Vol. 7:1/2 (1980) ► pp.131–143
On Some 12th and 13th Century Doctrines of Restriction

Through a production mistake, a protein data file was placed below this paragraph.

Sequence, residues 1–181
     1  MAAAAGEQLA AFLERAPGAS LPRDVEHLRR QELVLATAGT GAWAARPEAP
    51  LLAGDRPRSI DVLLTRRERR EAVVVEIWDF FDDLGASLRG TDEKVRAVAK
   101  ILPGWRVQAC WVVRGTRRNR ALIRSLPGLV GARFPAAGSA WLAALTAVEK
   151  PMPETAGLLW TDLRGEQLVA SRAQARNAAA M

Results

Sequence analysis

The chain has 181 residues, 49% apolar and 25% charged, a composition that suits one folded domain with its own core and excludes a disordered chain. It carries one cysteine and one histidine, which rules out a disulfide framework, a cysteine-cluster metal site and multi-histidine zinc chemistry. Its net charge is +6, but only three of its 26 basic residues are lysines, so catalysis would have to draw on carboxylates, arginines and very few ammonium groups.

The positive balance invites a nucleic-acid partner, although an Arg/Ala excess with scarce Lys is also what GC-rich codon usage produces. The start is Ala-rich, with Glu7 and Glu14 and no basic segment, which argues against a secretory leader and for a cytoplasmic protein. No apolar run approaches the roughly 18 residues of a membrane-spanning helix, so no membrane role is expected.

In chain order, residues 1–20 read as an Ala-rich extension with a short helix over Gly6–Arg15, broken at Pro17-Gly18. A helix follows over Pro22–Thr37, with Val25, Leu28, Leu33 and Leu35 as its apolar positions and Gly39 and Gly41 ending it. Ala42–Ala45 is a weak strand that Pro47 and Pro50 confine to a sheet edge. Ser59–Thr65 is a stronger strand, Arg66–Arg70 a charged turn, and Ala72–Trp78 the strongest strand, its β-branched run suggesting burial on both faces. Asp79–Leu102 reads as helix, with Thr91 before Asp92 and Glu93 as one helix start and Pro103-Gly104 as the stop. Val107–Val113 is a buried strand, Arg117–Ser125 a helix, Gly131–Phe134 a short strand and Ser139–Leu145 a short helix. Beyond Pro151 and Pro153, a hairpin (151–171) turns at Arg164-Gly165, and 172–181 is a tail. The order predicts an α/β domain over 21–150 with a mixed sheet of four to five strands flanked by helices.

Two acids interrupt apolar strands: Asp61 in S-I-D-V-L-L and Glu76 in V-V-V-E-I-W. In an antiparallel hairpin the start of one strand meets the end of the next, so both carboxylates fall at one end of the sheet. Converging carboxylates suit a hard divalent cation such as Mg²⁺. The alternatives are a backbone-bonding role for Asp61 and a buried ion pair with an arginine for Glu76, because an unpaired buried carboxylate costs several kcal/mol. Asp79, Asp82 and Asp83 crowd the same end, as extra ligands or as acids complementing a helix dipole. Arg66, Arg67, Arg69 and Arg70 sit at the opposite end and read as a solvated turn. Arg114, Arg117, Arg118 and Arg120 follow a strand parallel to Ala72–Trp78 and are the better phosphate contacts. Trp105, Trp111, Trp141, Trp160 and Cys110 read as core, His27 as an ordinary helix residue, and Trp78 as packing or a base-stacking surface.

The problem of the variation of the truth-status of the propositions over time is one of the favourite topics of the logicians as soon as the end of the XIIth century. The aim of the present article is to acknowledge the various theories of restriction provided in the 12th and 13th centuries, to solve semantic problems by means of contextual determination. Given the texts presently available, up to seven different doctrines are accounted for, depending on whether or not subjects and predicates, on the one hand, substantial and accidental terms, on the other hand, are actually distinguished. Among those doctrines, particular attention is paid to that of the so-called Dialectica Mona-censis. This anonymous treatise, dating from the last decades of the 12th century, introduces two different theories. The first one suffers from a discrepancy between the content of the rules of restriction through present, past and future tense verbs and that of the various conditions laid down in these rules. Thus, though substantial and accidental terms have theoretically the same supposition, whether they be subjects or predicates, in each different tensed form of the verbs, the author practically draws a line between substantial terms like ‘homo’ and accidental ones, like ‘album’. As a matter of fact, the truth of the proposition “homo curret” at instant S (Reichenbach’s ‘point of speech’) necessarily entails that of “homo currit” at instant E (the ‘point of event’), but this is not the case with ‘album’ in “album curret”, since that which is now white (point S) might very well be no longer white at time E. Those difficulties determine a second theory which offers a more satisfying account of the difference between substantial and accidental terms. Finally, a comparison is made between the first theory in the Dialectica and William of Sherwood’s account of the compounded and divided senses of the propositions, and a parallel is suggested with modern paraphrases using A. N. Prior’s tense operators.
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